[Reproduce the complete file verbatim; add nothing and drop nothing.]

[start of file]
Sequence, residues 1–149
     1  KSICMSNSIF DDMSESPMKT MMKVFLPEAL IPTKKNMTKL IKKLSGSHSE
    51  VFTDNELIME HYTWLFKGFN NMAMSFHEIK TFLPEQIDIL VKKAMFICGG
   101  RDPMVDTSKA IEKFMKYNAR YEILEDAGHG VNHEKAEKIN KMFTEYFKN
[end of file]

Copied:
Sequence, residues 1–149
     1  KSICMSNSIF DDMSESPMKT MMKVFLPEAL IPTKKNMTKL IKKLSGSHSE
    51  VFTDNELIME HYTWLFKGFN NMAMSFHEIK TFLPEQIDIL VKKAMFICGG
   101  RDPMVDTSKA IEKFMKYNAR YEILEDAGHG VNHEKAEKIN KMFTEYFKN